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Australia commits to Poseidon development

Oct. 18, 2012 at 6:12 AM   |   Comments

CANBERRA, Australia, Oct. 18 (UPI) -- The Australian government formally allocated nearly $81 million toward development of Boeing's P-8A Poseidon maritime surveillance aircraft, the replacement for the country's ageing AP-3C Orion planes.

Minister for Defense Stephen Smith and Minister for Defense Materiel Jason Clare signed the Increment 3 Project Arrangement with the U.S. Navy, Australia's Department of Defense said.

The deal "formalizes Australia's participation in the development of the Increment 3 P-8A Aircraft and marks Australia's continued commitment to the $5 billion project to acquire a new manned maritime patrol aircraft," a defense department statement said.

The Increment 3 Project Arrangement is the first planned upgrade to the Australian P-8A fleet.

The project aims to upgrade the capability of the original order, the Increment 2 aircraft, and includes a networked maritime strike weapon, air-sea rescue kit and enhanced target tracking.

Australia will phase in the Poseidon from 2016 and withdraw from service its 19 turbo-prop AP-3C Orion fleet around 2019, after nearly 30 years of service.

This month the department of defense also announced that two of its Orions which have been on operational service in the Middle East for a decade will return home, along with 90 personnel, within several months.

The two Orions are working with Operation SLIPPER conducting overland intelligence, surveillance and reconnaissance tasks in Afghanistan and Iraq.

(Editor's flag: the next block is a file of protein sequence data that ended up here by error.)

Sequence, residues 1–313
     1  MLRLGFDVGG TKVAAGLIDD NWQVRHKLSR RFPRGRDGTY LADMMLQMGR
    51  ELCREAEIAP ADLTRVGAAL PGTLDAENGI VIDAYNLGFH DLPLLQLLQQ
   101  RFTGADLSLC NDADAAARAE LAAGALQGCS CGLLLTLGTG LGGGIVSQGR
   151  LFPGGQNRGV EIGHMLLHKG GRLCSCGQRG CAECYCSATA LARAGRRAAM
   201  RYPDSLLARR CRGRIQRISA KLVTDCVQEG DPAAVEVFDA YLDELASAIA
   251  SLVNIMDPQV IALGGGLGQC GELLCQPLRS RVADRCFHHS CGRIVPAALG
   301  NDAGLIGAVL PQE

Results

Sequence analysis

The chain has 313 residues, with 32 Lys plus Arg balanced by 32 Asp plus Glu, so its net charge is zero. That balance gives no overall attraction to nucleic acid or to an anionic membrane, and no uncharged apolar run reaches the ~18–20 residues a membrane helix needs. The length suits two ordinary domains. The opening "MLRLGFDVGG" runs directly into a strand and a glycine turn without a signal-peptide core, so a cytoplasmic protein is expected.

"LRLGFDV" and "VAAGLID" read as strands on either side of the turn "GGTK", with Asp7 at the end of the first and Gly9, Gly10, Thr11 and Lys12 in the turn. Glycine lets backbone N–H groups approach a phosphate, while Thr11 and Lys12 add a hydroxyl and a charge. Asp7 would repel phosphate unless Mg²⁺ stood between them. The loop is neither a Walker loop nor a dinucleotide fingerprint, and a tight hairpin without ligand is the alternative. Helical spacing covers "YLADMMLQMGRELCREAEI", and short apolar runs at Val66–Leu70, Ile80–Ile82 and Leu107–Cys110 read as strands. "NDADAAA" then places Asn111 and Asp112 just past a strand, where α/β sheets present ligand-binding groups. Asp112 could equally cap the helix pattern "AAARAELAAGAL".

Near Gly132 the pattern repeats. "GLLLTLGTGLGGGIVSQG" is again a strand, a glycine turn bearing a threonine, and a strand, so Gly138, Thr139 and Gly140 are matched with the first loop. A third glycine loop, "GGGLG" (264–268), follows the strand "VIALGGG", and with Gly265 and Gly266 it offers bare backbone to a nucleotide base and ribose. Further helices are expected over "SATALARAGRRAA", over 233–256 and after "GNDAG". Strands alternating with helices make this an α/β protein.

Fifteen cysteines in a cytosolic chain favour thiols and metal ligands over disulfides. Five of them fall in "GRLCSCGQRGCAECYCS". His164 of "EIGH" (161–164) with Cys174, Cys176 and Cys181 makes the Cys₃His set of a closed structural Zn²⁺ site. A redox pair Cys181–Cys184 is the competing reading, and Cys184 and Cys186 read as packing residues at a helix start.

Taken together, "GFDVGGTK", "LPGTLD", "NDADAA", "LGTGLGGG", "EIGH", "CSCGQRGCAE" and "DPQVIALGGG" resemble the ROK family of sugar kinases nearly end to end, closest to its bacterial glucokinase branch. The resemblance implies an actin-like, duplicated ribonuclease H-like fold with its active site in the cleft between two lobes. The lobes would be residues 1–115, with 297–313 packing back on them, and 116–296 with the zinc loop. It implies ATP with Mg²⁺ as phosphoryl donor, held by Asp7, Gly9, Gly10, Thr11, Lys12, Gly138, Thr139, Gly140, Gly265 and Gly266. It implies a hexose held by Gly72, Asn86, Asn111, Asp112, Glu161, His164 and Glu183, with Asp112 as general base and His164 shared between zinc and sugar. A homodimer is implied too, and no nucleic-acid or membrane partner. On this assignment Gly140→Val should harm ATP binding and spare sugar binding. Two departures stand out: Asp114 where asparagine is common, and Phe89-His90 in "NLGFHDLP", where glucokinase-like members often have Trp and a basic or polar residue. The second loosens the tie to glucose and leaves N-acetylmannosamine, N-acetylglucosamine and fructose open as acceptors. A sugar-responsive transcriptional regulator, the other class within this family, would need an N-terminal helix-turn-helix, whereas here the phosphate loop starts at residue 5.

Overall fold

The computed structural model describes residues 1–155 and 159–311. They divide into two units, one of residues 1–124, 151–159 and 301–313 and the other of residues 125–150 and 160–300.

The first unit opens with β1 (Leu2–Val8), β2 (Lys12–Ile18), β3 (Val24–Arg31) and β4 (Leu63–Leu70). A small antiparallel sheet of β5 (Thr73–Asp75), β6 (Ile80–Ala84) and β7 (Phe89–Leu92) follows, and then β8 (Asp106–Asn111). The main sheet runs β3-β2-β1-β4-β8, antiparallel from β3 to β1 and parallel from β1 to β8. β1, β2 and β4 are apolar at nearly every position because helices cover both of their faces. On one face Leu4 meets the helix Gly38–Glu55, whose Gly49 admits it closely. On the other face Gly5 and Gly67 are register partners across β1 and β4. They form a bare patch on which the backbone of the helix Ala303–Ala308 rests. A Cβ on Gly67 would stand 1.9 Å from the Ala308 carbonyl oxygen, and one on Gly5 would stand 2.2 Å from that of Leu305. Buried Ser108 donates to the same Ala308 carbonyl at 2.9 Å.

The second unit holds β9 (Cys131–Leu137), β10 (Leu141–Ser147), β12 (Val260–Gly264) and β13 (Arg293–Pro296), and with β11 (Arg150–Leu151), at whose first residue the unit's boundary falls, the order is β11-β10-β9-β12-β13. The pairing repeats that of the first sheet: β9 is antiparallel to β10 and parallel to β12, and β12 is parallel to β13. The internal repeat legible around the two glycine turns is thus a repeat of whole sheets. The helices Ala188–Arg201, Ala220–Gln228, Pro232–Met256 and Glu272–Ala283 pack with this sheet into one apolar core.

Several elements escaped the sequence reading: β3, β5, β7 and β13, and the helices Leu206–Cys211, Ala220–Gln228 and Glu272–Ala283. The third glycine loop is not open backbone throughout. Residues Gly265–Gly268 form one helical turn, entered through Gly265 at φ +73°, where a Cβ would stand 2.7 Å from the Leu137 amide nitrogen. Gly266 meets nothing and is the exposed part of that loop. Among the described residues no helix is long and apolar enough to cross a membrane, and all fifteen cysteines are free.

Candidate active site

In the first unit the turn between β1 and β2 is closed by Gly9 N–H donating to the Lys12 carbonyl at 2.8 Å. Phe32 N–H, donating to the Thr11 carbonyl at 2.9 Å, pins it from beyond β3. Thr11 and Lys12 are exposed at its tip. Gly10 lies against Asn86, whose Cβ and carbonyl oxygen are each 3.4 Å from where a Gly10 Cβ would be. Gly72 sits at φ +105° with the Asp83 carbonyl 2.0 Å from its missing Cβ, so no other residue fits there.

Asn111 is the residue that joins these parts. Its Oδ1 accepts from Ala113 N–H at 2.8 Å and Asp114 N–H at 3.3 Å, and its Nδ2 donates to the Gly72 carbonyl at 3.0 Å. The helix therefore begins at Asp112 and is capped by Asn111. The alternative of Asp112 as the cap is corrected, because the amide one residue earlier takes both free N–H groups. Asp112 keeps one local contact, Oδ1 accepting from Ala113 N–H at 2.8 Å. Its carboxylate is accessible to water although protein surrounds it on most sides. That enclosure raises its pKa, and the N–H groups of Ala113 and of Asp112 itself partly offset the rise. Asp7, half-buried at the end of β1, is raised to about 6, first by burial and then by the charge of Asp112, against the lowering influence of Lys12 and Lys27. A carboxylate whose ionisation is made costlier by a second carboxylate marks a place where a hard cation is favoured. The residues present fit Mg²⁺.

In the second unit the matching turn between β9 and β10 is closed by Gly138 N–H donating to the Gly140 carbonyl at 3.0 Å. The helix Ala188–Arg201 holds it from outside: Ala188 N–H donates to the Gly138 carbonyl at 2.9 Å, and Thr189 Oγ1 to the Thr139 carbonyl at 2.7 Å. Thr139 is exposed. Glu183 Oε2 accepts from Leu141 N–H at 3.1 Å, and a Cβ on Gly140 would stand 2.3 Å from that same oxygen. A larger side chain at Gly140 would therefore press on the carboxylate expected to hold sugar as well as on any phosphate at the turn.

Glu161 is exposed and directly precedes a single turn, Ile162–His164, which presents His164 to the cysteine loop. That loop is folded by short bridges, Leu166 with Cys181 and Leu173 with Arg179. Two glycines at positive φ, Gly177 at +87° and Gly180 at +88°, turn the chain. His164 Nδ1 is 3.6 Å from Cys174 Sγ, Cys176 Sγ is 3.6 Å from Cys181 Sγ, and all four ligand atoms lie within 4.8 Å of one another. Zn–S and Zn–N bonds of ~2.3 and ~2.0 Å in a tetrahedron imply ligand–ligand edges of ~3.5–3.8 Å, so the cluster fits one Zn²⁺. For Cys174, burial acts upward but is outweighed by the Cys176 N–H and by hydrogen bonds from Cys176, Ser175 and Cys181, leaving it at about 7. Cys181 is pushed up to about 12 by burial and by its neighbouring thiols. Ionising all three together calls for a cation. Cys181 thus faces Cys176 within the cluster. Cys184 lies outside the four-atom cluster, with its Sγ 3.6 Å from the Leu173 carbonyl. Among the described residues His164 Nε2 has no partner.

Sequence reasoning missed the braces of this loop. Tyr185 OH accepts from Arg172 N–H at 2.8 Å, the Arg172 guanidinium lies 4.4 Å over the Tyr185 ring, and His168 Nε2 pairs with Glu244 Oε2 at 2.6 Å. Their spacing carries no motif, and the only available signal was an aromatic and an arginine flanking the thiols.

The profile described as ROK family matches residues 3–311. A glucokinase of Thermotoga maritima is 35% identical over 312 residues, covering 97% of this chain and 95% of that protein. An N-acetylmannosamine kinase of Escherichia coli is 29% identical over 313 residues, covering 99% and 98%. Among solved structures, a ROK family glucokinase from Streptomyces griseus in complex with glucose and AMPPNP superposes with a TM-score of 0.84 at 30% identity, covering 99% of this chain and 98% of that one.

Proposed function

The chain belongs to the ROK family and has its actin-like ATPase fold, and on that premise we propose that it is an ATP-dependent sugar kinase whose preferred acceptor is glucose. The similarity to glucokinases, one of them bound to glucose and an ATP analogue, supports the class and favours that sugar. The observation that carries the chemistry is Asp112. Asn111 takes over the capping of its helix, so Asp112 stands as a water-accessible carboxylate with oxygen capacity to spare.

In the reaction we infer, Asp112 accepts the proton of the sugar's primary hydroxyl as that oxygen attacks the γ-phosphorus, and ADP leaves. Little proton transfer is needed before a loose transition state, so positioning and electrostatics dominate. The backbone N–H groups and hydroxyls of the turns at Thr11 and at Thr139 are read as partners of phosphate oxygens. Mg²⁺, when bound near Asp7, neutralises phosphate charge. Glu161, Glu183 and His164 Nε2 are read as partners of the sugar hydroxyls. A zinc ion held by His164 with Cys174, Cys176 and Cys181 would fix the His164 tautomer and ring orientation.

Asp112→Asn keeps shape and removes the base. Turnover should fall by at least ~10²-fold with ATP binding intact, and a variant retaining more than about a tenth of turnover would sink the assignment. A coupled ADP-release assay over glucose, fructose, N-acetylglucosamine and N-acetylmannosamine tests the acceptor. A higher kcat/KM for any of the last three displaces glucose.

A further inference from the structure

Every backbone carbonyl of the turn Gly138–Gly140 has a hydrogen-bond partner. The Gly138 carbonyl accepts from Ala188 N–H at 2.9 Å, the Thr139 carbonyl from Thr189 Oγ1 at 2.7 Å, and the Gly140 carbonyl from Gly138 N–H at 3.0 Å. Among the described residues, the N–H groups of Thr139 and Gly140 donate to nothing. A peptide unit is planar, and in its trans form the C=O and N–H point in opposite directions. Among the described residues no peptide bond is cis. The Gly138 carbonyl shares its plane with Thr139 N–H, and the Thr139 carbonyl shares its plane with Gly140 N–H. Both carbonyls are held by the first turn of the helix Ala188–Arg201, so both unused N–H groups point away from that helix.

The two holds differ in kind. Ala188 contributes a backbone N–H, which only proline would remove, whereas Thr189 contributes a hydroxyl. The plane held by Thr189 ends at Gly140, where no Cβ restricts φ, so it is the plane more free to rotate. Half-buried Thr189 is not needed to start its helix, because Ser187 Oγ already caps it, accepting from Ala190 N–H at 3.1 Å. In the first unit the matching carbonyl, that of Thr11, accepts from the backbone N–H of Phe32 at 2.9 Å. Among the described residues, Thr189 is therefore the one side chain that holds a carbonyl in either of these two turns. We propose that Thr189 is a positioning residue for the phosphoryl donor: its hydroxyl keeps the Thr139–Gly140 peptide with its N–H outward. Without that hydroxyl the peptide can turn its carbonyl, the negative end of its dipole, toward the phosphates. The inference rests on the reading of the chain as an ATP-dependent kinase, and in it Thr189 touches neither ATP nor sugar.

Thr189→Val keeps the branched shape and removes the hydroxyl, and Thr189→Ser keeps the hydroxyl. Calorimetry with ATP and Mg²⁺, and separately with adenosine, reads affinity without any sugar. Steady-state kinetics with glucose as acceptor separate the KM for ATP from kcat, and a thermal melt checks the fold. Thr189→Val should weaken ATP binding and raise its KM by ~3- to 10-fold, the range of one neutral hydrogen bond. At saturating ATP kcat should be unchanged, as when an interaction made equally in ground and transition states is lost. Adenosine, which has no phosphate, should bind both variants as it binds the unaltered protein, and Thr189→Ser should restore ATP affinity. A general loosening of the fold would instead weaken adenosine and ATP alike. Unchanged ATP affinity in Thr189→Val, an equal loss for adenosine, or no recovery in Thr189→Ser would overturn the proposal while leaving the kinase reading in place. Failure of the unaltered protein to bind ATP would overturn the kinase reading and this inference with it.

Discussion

The overseas-based Orions also have been flying maritime patrols off the Arabian Gulf and North Arabian Sea and more recently, counter-piracy missions in the vicinity of Somalia, working closely with the U.S.-led Combined Maritime Force and other international task forces.

Australia's replacement P-8A aircraft is based on the Boeing B737 commercial airliner.

Like the Orion, the P-8A has advanced sensors and mission systems, including multi-mode radar, a high-definition electro-optic camera and an acoustic system that has four times the processing capacity of the AP-3C Orion's system, the government statement said.

The P-8A has a range of more than 4,000 nautical miles or the ability to remain on station conducting low-level anti-submarine warfare for over four hours at a range of more than 1,200 nautical miles from base.

The P-8A is also air-to-air refuelable from the boom of tanker aircraft such as the KC-30A.

Air-refueling will push the P-8A's endurance to around 20 hours, making it possible to patrol Australia's isolated Southern Ocean territories.

The Increment 3 Project Arrangement falls under the Production, Sustainment and Follow-on Development Memorandum of Understanding between Defence and the United States Navy, which was signed in March this year and provides the framework by which the P-8A will be acquired, sustained and developed thought it service life.

In July, Boeing announced that two Australian companies -- Lovitt Technologies and Ferra Engineering -- will manufacture parts and assemblies for the P-8A Poseidon.

Lovitt Technologies will manufacture mission systems parts and assembly fabrications for the P-8 aircraft, while Ferra Engineering will supply internal and external airframe parts and assemblies to support P-8 flight and mission systems.

Boeing said both companies hold a number of contracts with it for component manufacturing. Lovitt supplies parts for the Bell Boeing V-22 Osprey and Boeing F/A-18E/F Super Hornet. Ferra manufactures spare parts for Boeing Commercial Aviation Services and the F/A-18E/F Super Hornet program.

Lovitt Technologies Australia and Ferra Engineering were identified as possible suppliers by Boeing's Office of Australian Industry Capability, which is part of the Defense Materiel Organization's Global Supply Chain Program.

© 2012 United Press International, Inc. All Rights Reserved. Any reproduction, republication, redistribution and/or modification of any UPI content is expressly prohibited without UPI's prior written consent.
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